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Rather than making your way to the top of a crane, you remain slightly closer to the ground. Once your are safely in your harness, the bungee cord is attached to a crane which takes up the slack and suspends you in mid-air. Then on the count of 3, 2, 1, Bungee! The instructor will release the rip cord sending you soaring through the air.

While its probably not the best idea to wear a skirt or high heels you can pretty much bungee wearing whatever you’re comfortable in. T-shirts, shorts and track suits are all fine, choosing the right footwear is much more important. Make sure to wear enclosed or well fitted shoes to avoid losing them mid-jump, alternatively you can make the leap bare foot.

Most locations will also offer the opportunity to do a tandem bungee jump which gives you the chance to jump with one of the experienced members of staff, or a bewildered friend or colleague. The rush of a bungee jump is addictive and once you’ve made your first jump you’ll already be planning your next. So why not throw yourself head first into one of Britain’s most loved adrenaline activities?

Book your jump with The Activity People today

The Zorbing Experience: What to Expect from a Zorb Ride

Wednesday, March 5th, 2014 No Comments

There are two types of land zorbing rides: dry and wet. In areas where there are no natural hills or contours for the zorb to manoeuvre, a special track is constructed, either out of metal or by shaping a natural barrier from the land itself.
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On a dry ride, the rider is strapped into the zorb against one wall. The operator releases the zorb, and the rider rolls, head over heels, downhill. In hydro-zorbing, the passenger isn’t strapped to the zorb wall. The operator adds about five gallons of warm or cold water — depending on the weather — to the inside of the zorb, then sends the passenger on a wild ride. The passenger slips and sloshes around the inside of the ball as it rolls. Not surprising that the wet ride has been nick named – the washing machine ride!

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Even though the zorb is clear plastic, the passenger is somewhat limited in what he or she can see while rolling downhill. Because the zorb has two layers of plastic and because of its speed, it becomes difficult to discern the sky from the ground when you’re on a roll.

The sphere doesn’t travel fast enough to become airborne over bumps, but it will bounce +as it turns down the hill. The actual speed depends on a variety of factors, including whether you’re rolling into a headwind, the weight of the passengers and if you’re strapped in or riding free. When strapped in, you’ll pick up more speed.

Contrary to what you might think, zorbing isn’t particularly nauseating — well, at least according to Andrew Akers, one of the sphere’s inventors. He says that in over 100,000 rides, no one has ever thrown up. While the zorb moves downhill at a good speed, because of its circumference, the person inside only makes one complete rotation about every 30 feet (9 m). While the length of each track varies, you can generally expect about 700 feet (213 m) of fun on your ride.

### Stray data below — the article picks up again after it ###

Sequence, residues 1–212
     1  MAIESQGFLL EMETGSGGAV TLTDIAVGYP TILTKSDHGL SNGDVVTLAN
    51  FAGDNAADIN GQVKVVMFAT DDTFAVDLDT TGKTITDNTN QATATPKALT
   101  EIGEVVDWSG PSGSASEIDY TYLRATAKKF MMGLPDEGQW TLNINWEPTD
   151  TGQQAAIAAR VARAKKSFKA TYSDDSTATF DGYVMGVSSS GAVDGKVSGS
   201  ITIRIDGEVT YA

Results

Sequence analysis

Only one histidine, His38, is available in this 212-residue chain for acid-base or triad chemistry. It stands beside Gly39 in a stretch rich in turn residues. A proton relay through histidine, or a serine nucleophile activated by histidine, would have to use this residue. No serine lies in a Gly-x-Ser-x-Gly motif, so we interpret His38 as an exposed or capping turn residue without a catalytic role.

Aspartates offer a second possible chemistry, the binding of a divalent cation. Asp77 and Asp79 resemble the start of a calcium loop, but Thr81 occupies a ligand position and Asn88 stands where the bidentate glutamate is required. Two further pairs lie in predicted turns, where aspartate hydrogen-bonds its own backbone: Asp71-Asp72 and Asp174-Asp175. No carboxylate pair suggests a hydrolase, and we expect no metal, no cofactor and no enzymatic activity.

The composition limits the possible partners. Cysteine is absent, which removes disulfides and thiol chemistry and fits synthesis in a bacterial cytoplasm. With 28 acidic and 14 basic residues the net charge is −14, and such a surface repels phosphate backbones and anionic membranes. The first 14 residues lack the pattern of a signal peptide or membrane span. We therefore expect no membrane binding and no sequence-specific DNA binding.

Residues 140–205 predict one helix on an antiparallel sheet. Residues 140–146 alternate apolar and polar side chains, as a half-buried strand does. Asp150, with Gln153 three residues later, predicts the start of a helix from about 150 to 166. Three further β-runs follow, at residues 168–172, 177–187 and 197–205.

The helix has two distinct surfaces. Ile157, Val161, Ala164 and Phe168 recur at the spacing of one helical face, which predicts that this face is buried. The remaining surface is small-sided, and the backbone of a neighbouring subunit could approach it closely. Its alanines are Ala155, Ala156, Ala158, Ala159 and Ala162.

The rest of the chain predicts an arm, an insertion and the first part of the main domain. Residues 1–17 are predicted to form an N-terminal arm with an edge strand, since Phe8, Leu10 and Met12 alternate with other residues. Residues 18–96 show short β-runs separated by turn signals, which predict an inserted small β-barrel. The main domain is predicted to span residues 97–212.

Zorbing is considered safe and has an excellent safety record. A harness keeps the rider in place on dry rides, and the 459 cubic feet (13 cubic meters) of air sandwiched between the two plastic balls provides ample cushioning.

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Because the zorb is on a confined track, the rider has no control over steering or stopping the ball, so a trained operator releases the ball. At the bottom of the hill, the zorb gradually slows to a stop, where another operator is waiting to secure the zorb so you can climb out with ease. A zorb course on land has small cushioned bumps on the surface that keep the zorb in line and the specially designed tracks have barriers on each side to prevent the zorb from veering from it’s designated course.

While it’s not unheard of for a zorb to get a puncture, it won’t pop and shoot down the hill like a balloon releasing air. Any hole in the zorb will lead to a slow air leak. As the air leaks out, the zorb loses its round shape and rolls slower and slower until it settles to a stop. Of course, with the amount of air a zorb contains, it can lose a good bit before the passenger notices any change in performance at all.

Paintball V Airsoft

Monday, February 10th, 2014 No Comments
Question: Are Airsoft and Paintball the Same Thing?
The simple answer is no.
Paintball is a sport that consists of opposing players shooting gelatin-filled capsules at each other that break open upon impact and mark the opposing player.Airsoft is a sport that consists of opposing players shooting small, plastic pellets at each other which do not break upon impact and do not mark the opposing player.
Paintball and Airsoft are both variations on the classic game of tag, but they require different equipment. A paintball gun cannot be used to shoot airsoft pellets and an airsoft gun cannot be used to shoot paintballs. See guns below – very different.
Paintball and Airsoft are played on the same type of fields and arenas and require the same level of tactical play and teamwork.
We can offer you both Airsoft and Paintball here at the activity people.
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PAINTBALL PLAYER
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AIRSOFT PLAYER